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Ed Newbold | Bright shots from a gloomy spring
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Bright shots from a gloomy spring

Bright shots from a gloomy spring

Posted May 25, 2011 updated May 26 with Lazuli Bunting, et al sightings

It’s a paradox of photography and Photoshop software that a gloomy spring can result in some very bright shots.  Delia and I have been birding around Washington state lately and we’ve had to retreat at times to the car or the house to get warm.  We’ve felt sorry for depressed swallows lined up on branches that weren’t chirping like they would have been if they’d been happy.  But… some of the shots haven’t been too bad!

This Red-breasted Sapsucker at Three Forks near North Bend not only was photogenic, but he or she made sure the branch it was on was too.  Is this tool-use?  The Sapsucker cuts holes in the bark and thus uses the tree to catch insects.

Look at the yellow in the belly, reminiscent of it’s cousin the Yellow-bellied Sapsucker.

They are beautiful.  But they don’t look realistic.  This can be a problem for a painter.

Speaking of bright, our state bird , an American Goldfinch, near Snoqualmie.

And a Barn Swallow in the same place.  Barn Swallows don’t nest in “nature” anymore,  they prefer  things that humans have built.

The quality of the light matters, especially with blue birds.  This Tree Swallow at the Nisqually lives up to it’s name, but also shows it could have been called the Blue Swallow.

This shot is not near as good as the Marv Breece shot on this website (Helping Swallows), but shows the violet in the trailing part of the wings and the tail.  This bird is flying over the Wenatchee River.

And this shot shows the green pretty well on the male Violet-green.  At Leavenworth, WA.

The Cedar Waxwings finally came north around the early May 20s.  This is at Three Forks near North Bend.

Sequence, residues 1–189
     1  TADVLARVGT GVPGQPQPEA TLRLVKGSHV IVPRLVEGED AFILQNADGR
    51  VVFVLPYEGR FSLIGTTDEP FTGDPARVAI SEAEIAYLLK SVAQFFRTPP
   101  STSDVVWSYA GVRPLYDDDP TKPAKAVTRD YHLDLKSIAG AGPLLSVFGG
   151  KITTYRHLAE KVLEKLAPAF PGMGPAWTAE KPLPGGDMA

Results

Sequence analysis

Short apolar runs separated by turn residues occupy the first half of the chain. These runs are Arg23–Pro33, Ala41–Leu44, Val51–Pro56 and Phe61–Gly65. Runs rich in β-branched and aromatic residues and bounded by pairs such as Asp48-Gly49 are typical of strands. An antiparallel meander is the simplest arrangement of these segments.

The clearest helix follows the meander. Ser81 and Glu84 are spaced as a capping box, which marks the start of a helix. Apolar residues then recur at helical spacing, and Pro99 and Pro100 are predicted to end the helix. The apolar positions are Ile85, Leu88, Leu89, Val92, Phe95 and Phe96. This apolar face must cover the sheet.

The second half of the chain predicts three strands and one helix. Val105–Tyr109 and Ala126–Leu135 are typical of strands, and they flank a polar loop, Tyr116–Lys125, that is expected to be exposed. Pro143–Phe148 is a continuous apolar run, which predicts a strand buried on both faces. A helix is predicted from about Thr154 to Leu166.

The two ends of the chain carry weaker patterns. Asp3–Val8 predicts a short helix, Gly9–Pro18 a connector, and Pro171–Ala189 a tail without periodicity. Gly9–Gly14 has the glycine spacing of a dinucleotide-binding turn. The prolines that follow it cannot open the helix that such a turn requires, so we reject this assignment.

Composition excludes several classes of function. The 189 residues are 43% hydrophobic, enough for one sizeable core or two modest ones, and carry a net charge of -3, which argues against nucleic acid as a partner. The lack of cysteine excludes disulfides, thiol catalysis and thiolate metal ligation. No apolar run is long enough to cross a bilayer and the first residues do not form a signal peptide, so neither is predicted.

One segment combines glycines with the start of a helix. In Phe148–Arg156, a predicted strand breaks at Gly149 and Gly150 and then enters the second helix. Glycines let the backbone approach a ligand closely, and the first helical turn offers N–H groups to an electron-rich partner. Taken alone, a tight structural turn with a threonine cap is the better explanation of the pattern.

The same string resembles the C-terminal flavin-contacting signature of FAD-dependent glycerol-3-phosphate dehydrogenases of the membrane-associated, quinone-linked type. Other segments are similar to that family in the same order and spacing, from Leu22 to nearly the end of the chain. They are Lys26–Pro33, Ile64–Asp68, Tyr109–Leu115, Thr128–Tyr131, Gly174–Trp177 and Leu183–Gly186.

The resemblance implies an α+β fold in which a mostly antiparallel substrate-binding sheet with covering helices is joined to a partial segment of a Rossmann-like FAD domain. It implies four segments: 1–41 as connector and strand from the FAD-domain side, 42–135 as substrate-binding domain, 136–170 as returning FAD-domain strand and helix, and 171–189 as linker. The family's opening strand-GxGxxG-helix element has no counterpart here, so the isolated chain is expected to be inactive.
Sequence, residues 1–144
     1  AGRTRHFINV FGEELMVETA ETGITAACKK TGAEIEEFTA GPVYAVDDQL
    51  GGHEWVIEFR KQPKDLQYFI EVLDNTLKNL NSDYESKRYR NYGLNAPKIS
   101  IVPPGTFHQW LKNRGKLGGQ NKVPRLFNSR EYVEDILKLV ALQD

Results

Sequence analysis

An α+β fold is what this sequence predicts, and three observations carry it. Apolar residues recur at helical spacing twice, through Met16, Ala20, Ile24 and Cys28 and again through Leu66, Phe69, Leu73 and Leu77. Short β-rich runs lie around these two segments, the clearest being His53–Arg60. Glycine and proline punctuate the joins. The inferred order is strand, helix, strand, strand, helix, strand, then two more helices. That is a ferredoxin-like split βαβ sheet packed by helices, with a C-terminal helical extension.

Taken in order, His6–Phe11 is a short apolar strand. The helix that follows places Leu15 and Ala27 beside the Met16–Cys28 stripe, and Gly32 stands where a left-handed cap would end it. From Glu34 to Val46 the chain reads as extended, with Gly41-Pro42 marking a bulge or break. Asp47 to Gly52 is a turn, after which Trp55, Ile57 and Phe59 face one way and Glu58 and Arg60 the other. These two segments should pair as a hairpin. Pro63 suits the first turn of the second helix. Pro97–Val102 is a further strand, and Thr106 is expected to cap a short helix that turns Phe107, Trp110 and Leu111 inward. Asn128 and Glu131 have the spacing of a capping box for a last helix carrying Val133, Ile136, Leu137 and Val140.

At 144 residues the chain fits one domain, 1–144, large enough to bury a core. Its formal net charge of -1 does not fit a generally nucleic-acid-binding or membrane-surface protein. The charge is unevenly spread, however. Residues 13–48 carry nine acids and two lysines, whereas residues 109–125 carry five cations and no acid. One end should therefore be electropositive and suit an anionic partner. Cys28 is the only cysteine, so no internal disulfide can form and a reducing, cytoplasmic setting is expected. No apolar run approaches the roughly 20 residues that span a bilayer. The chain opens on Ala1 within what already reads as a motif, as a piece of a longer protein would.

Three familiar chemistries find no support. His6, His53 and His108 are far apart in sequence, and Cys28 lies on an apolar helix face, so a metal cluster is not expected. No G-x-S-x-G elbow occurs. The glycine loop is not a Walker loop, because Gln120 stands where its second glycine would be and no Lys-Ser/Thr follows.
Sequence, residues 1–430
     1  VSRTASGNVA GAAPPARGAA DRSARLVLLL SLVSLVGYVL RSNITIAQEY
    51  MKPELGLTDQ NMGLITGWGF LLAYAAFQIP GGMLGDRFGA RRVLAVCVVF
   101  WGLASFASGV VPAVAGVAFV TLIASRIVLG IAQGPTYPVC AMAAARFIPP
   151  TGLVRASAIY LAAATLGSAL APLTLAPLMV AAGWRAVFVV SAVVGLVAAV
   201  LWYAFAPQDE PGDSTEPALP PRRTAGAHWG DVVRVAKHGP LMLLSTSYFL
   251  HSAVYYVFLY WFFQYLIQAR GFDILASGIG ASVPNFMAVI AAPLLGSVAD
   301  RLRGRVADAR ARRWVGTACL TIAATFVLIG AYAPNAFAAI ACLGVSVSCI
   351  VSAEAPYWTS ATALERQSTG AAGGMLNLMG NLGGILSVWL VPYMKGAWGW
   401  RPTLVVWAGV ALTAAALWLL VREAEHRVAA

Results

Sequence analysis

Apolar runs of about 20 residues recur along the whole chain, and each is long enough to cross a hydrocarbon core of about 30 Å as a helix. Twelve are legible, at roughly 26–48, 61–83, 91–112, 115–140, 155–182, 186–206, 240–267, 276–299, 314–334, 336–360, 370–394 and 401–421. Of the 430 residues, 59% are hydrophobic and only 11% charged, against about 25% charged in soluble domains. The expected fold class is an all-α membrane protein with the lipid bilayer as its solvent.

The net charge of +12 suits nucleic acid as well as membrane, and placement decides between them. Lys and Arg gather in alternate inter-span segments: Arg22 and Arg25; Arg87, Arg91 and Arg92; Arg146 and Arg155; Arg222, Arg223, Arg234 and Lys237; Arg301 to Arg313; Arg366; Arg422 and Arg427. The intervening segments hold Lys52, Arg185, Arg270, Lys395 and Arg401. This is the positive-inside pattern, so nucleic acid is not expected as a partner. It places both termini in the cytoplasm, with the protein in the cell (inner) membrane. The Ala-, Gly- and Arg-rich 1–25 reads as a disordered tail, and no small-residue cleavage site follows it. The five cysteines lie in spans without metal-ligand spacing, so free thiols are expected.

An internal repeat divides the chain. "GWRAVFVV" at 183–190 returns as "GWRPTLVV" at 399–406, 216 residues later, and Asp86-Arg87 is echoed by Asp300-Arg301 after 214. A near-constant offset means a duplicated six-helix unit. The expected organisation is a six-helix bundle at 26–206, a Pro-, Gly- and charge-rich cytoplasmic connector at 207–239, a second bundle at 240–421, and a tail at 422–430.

This is the first time I ever got a half-decent shot of three species of swallows together.  A Rough-winged, Tree and Violet-green Swallow at Leavenworth.

The Leavenworth Bird Fest was fun, although somewhat weather –damaged.  It was thrilling to see all the birds around Leavenworth and a few of the natural areas.  The town looks Bavarian, has anyone noticed that?  (Just kidding, I’ve never been to Bavaria.)  With better weather, it would have been a total blast.  Mark your calendars for next year!

A Red-winged Blackbird in a full stall at McClain Wildife Area near Olympia.

That was also where this pair of Wood Ducks were nearly blinded by sunshine

A Red-tail saw something that interested her very much around Ellensburg.

And this Long-billed Curlew answered the question,” Why did the Curlew cross the road?” It’s mate was on the other side in a field near the mouth of Robinson Canyon.

I’ll end the post with this handsome (trust me) Western Bluebird that looked away from the camera on a sagebrush bush near Umptanum Canyon.

A male Yellow Warbler at Butyl Creek.

A male Western Tanager peeks over flowers on a Hawthorne tree above the creek.

Our first ever Lazuli Bunting at Butyl Creek on May 26, a female.

May 28, Delia took this shot of a Western Tanager bathing today.

This male MacGillivray’s Warbler that took three baths today was the first for the year at Butyl Creek.  (We never know if there are three Warblers or one Warbler bathing three times, but each one had this crisp bright look and the baths were spaced so we’re guessing one.)

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